Bonum Certa Men Certa

Executive Director of The Economic Opportunity Institute Slams Microsoft for Not Paying Tax


Summary: Microsoft's practices of tax dodging have not dodged the attention of people who address the problem

THE problems with Microsoft are numerous. We can only ever effectively address one at a time. Putting aside technical problems, there are also legal problems and Microsoft's history shows complete disregard for the law. No company -- even of comparable size -- can really be named for that, mercenaries aside.

The Executive Director of The Economic Opportunity Institute writes an opinion piece which names Microsoft's attitude toward taxation. To quote, Microsoft "still needs to skimp on taxes. By running its licensing sales through a shop in Reno, Nev., it avoids royalty taxes that could be funding high-quality schools for Washington's children.

"The Legislature has enabled Microsoft to continue this ruse. Last year the state budget included a provision to ensure that only Microsoft's licensing revenue from Washington state customers is taxable. For good measure, the Legislature agreed to an amnesty clause that legally prohibits the state from trying to collect back taxes owed by Microsoft before the narrower definition of taxable licenses was passed.

"So how much did public school students and their teachers and professors lose from this ruse? Somewhere between $100 million and $400 million a year for the past 15 years. (We can't get much more accurate because we can't see Microsoft's internal corporate accounting.)

"Add the $104 million Microsoft got in tax deferrals from the state in 2010, and the $2 million it received in tax credits, and you are a long way along the path to figuring out the revenue problem in our state.

"Microsoft's corporate counsel recently weighed in on the state's budget woes: "It's important for the state to avoid further reductions in higher education funding… It's similarly important to maintain investments in K-12 education across the state…" Which, I guess, is (squishily) endorsing the proposed sales tax increase that would directly hit low- and middle-class families in the pocketbook. But it's the waste, fraud and abuse in our own tax code that we should be going after -- not the students at Everett High School, not the students at Everett Community College, not their teachers and professors, not their parents, and not their daily purchases."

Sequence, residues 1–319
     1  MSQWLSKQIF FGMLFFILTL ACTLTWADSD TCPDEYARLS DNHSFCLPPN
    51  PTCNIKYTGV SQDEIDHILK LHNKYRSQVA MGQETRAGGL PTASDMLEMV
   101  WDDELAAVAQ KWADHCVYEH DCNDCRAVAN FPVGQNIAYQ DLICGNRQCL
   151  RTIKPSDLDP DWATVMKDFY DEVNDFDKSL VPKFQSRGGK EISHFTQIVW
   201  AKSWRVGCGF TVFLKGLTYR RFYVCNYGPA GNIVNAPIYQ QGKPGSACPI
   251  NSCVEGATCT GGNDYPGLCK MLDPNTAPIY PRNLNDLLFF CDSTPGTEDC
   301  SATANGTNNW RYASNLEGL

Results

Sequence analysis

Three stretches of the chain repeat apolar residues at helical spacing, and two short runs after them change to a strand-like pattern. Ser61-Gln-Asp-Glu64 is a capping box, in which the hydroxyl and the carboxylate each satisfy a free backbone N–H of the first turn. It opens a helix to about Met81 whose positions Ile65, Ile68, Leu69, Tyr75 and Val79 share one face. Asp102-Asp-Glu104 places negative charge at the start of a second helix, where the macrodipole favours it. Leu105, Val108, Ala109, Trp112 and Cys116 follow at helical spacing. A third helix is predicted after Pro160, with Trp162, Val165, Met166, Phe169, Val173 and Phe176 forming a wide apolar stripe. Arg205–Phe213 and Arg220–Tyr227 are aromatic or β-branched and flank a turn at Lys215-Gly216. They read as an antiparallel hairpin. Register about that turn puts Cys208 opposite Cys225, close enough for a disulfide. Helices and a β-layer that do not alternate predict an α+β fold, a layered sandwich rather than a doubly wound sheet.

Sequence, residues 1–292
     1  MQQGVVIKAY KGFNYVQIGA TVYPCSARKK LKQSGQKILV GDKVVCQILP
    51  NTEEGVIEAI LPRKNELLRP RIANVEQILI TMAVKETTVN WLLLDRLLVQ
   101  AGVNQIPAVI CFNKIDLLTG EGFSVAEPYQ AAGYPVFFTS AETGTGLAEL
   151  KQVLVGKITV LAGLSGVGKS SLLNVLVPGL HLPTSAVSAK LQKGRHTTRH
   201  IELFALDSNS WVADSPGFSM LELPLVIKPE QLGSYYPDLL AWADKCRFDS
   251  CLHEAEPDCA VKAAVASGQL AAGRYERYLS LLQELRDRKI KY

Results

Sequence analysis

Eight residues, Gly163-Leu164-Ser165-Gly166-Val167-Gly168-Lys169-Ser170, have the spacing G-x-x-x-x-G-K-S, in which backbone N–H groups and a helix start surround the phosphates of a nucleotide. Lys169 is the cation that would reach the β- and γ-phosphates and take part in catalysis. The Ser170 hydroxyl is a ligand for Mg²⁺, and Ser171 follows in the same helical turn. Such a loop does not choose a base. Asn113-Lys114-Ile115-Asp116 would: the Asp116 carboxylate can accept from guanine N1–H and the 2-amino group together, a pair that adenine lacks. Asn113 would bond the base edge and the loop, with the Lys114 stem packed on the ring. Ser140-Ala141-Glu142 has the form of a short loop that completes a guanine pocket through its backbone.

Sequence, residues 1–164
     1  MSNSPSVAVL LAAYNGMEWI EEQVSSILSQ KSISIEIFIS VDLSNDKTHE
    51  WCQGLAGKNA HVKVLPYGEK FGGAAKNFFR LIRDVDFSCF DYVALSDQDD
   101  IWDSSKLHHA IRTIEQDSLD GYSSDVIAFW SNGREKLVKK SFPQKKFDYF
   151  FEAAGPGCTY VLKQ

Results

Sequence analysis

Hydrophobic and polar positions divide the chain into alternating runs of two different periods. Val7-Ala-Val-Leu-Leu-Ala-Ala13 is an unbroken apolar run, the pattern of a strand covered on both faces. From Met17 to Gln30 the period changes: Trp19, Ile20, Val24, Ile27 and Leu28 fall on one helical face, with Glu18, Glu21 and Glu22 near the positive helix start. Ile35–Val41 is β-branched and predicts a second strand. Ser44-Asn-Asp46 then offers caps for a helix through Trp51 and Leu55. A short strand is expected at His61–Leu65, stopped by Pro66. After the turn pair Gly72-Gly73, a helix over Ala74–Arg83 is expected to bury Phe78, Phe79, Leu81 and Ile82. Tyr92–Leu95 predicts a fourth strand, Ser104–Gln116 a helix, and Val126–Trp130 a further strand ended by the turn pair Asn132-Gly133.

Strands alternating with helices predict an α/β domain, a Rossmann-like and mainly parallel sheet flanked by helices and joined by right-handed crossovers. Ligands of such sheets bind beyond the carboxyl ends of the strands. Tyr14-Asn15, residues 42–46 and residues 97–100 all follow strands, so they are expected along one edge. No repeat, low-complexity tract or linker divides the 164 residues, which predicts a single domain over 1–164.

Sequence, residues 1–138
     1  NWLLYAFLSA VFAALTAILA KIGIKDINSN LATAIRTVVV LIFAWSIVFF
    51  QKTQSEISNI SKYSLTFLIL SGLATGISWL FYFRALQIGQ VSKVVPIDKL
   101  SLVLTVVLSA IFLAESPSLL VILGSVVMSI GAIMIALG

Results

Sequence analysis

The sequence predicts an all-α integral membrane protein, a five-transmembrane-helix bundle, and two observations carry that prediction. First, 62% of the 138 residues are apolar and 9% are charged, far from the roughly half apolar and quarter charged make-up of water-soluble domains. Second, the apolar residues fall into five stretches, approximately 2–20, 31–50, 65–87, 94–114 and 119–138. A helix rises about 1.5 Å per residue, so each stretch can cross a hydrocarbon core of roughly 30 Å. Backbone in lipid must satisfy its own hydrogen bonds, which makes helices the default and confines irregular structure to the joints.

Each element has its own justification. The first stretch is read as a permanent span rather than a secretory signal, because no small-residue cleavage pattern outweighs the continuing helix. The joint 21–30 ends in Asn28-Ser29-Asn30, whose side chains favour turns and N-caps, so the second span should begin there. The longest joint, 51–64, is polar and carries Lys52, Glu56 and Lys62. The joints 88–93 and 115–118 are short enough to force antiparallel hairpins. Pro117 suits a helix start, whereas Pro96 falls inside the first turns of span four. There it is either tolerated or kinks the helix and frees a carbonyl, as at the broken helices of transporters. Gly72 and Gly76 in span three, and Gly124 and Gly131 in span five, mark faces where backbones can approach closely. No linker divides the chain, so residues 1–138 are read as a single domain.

It is even worse than that because the legislation in place had former Microsoft folks responsible for it. They broke the system.

We have already explained this point along with many others in previous posts on the subject. One of the better sources of information on this subject is a former Microsoft employee who further explains:

1) $1.51 Billion in Tax Savings: Based on Microsoft's own reporting, I estimate the company has saved $1.51 billion in taxes, interest and penalties since 1998. For the first time, we've published our entire analysis in a Google Docs spreadsheet: Financial History of Microsoft's Nevada Tax Dodge.

This estimate includes the $104 million that Microsoft saved last year after Chair of the Finance Committee Ross Hunter, a former Microsoft Executive, led the Democratically controlled Legislature to drastically shrink the Royalty Tax from a tax on worldwide revenue to one based just on sales to Washington State customers. Hunter's action will continue to cost the state more than $100 million annually going forward. Hunter even slipped in a section to grant Microsoft amnesty from its past abuses.

2) $4.37 Billion in Tax Savings: The Royalty Tax rate actually was 1.5 percent (more than three times higher) prior to 1998, but was cut in response to software industry lobbying. Scenario B in the Financial History shows that if not for its lobbying to cut the Royalty Tax from 1.5 to .484 percent, Microsoft would owe $4.37 billion in taxes, interest and penalties.

Separately he notes: "When I interviewed Microsoft's General Council and Vice President Brad Smith in 2004 for Citizen Microsoft, he admitted the tax avoidance effort, while attempting to make light of its scope..."

So even Microsoft admits that it is doing this. But it does not really respond to queries about it. Once in 4 years when there are elections in the US it simply bribes the candidates (as we showed before) which keeps regulation at bay. That is a subject for another day. The "Occupy" protesters have legitimate reasons to be upset. Bill Gates and Microsoft hardly pay any tax. But the problem is even broader because more plutocrats and corporations receive exemptions they do not deserve and they use the media which they own to justify it with sound bites like "job creators".


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